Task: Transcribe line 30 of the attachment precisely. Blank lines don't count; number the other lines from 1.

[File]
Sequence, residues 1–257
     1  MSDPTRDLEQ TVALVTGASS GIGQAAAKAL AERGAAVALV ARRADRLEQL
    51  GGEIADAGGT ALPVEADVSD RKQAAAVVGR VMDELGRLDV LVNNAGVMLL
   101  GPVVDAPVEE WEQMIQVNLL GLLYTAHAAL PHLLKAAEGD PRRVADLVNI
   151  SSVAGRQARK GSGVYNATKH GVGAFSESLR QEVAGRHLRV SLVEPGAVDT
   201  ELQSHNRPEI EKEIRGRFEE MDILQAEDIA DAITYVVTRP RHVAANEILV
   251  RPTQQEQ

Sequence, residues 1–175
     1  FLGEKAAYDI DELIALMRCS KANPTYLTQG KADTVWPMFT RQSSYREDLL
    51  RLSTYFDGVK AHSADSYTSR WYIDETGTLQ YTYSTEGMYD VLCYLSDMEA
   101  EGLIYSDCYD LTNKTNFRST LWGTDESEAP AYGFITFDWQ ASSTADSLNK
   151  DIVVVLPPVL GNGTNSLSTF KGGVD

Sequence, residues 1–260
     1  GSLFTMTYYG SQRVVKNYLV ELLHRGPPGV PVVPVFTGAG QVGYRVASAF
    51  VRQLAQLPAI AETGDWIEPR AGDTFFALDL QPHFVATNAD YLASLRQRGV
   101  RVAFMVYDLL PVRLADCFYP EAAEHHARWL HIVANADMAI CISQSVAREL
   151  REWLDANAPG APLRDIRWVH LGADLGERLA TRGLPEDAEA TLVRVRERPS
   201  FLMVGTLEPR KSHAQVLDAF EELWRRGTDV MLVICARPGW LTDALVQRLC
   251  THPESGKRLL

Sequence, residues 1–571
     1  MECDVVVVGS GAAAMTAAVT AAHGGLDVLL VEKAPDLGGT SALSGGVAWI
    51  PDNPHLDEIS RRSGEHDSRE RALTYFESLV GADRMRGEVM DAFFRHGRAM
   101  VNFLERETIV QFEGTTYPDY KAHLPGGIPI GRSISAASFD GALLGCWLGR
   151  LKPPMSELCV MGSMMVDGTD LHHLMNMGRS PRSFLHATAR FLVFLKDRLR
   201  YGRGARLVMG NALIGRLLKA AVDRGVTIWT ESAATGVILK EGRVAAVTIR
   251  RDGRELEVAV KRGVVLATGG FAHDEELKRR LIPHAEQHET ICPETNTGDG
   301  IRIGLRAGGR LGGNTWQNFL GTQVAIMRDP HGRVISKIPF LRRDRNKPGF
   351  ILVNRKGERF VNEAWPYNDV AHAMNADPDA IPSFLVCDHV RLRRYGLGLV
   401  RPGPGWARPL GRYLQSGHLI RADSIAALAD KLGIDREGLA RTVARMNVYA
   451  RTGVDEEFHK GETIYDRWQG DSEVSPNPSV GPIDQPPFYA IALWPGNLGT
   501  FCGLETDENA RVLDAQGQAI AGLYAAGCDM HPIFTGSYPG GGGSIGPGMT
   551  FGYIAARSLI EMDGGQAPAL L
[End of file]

   451  RTGVDEEFHK GETIYDRWQG DSEVSPNPSV GPIDQPPFYA IALWPGNLGT